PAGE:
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Marriage Takes Courage

In great battles, God often starts by redirecting heroes.
Marriage Takes Courage
Image: CHOATPHOTOGRAPHER / SHUTTERSTOCK

I started a new freelance writing job recently and my husband asked me, "When is your deadline?

I answered, "The deadline is as fast as I can get it back to them before they decide they don't like me anymore."

One might think I lack confidence. If confidence implies that I have a sense of how a thing is going to turn out, then true: I don't have confidence.

People are unpredictable. Life is unpredictable. And God's plans are sometimes confusing. With that in mind, I have fallen in love with a different word: courage. Applied to a marriage, courage can make all the difference.

But it doesn't happen much.

We usually come to our marriages with baggage from previous family relationships, previous experiences, pre-conceived notions of what to expect from a spouse—nevermind the ways we've neglected to grow ourselves and neglected to get to know God as well as we could. And there it is: a pile of not-so-pretty.

And very few of us want to tackle what isn't pretty in our marriages. Most of us don't even know how.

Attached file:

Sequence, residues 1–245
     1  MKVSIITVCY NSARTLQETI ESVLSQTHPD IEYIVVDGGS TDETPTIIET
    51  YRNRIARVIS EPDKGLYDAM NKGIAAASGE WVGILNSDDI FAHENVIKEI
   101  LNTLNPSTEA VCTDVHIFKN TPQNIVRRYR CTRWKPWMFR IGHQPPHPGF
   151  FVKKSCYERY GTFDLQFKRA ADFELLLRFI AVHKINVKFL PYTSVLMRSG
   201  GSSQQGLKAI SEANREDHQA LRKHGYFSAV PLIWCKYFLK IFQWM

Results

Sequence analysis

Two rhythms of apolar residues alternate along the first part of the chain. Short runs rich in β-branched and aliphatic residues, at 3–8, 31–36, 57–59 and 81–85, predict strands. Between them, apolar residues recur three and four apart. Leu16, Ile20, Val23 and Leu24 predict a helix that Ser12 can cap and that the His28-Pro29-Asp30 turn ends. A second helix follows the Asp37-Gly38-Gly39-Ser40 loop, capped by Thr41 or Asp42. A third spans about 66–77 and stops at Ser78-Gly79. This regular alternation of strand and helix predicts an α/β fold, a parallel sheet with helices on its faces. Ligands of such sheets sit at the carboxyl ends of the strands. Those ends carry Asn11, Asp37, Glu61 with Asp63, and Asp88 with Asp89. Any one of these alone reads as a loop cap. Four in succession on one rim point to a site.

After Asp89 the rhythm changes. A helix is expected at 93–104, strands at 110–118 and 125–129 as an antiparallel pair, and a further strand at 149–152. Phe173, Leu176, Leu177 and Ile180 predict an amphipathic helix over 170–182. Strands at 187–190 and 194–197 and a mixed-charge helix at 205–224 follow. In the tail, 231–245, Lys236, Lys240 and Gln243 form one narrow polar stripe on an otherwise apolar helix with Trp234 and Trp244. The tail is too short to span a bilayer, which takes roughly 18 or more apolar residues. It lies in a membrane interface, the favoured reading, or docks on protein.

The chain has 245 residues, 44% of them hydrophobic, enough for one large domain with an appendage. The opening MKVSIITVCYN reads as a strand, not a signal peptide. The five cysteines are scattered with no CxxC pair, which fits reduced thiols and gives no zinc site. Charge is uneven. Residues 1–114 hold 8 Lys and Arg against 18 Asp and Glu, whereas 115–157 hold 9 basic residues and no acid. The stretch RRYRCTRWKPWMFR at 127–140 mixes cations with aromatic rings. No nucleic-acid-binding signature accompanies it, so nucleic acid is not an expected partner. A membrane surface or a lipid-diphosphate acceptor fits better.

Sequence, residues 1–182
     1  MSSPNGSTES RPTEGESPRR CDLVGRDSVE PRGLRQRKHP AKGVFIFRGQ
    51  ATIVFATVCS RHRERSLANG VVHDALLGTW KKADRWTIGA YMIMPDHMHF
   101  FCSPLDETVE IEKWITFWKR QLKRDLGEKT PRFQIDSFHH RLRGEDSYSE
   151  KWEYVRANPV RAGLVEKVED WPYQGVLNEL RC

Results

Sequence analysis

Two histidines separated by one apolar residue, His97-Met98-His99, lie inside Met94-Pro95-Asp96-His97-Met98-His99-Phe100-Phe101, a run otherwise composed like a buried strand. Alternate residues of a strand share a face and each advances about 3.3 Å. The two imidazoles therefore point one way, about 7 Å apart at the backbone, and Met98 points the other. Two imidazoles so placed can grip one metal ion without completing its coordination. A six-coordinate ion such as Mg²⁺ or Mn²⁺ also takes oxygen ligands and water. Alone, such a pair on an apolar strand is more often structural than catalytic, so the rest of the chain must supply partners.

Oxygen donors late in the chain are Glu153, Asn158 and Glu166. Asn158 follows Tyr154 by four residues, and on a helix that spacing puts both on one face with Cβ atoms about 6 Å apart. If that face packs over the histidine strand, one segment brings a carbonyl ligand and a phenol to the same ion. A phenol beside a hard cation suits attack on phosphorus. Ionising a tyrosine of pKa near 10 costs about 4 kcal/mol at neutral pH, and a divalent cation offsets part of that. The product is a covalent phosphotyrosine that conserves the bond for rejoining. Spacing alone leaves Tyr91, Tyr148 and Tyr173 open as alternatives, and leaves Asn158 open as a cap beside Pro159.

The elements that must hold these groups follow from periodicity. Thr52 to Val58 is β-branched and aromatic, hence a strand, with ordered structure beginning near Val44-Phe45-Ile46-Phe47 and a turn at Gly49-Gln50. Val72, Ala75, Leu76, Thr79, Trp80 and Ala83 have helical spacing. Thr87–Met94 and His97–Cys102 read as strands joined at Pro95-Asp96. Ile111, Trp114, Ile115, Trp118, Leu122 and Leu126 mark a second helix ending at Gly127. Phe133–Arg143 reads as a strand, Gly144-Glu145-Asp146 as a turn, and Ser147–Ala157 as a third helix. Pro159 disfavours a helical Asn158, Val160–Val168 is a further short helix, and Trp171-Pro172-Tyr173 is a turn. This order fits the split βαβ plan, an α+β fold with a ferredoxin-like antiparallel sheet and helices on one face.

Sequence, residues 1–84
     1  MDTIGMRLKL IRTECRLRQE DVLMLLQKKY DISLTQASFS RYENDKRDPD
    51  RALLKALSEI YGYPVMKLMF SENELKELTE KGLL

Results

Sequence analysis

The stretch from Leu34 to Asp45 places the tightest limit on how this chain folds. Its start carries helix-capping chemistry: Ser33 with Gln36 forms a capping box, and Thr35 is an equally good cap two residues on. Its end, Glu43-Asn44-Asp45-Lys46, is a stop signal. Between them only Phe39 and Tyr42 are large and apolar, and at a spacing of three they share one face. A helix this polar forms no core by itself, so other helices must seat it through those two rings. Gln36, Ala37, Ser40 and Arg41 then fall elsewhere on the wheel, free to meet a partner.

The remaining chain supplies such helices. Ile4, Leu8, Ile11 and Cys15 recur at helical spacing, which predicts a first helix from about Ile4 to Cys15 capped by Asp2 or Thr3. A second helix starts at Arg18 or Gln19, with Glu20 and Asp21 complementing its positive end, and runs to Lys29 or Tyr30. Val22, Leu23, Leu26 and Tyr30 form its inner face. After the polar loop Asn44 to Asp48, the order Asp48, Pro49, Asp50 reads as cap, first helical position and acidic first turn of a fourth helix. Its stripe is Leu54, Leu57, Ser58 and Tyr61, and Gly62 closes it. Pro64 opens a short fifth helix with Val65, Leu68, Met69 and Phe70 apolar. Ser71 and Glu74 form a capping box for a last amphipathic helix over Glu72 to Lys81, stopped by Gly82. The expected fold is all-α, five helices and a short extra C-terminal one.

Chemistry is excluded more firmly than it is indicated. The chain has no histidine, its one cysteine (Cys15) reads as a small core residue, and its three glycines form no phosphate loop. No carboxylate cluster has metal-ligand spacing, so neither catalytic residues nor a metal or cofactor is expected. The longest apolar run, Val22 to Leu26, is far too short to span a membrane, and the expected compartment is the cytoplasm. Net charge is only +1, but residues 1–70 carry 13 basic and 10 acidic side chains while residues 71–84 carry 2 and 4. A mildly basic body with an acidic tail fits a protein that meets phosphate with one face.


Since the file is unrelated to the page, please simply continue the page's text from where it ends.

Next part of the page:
One of my favorite literary quotes is from Atticus Finch in To Kill a Mockingbird, telling his son, courage is "when you know you're licked before you begin but you begin anyway and you see it through no matter what. You rarely win, but sometimes you do."

It may seem disheartening to start a quote on courage with "you know you're licked," but Atticus' point was, you're not. Not like you think. Courage is not a prop that gets you an outcome. It's an attitude that sustains you on a journey.

When our marriages start to look messy, that's not our signal to work longer hours, avoid hard conversations, bury ourselves in our kids or the finances or hobbies or even the church. That's our signal to start living up to God's intention for us.

And that takes courage.

Especially in the middle of a marriage where you love the person sitting at your dinner table but the trajectory of the daily minutiae all around you feels like it has a life of its own. Redirecting that trajectory can feel like a battle.

But in great battles, God often starts by first redirecting the hero. Like Gideon. In Gideon's time, the Israelites had been long pummeled by the Midianites. And Gideon didn't understand. "If the Lord is with us, why has all this happened to us?" (Judges 6:13).

God's response? "Go with the strength you have" (Judges 6:14).

I don't have any.

Isn't that what we want to say? I don't know how to broach hard subjects. I don't know how to make things better. I am weary.

"Go with the strength you have, and rescue Israel from the Midianites. I am sending you!" (Judges 6:14)

The idea was absurd to Gideon. Gideon's was the weakest clan. Gideon was the least in his whole family. He was completely underqualified.

God gets it. Battles are confusing. Daunting. We often don't feel capable to make changes happen. Gideon thought the same thing—and he was right!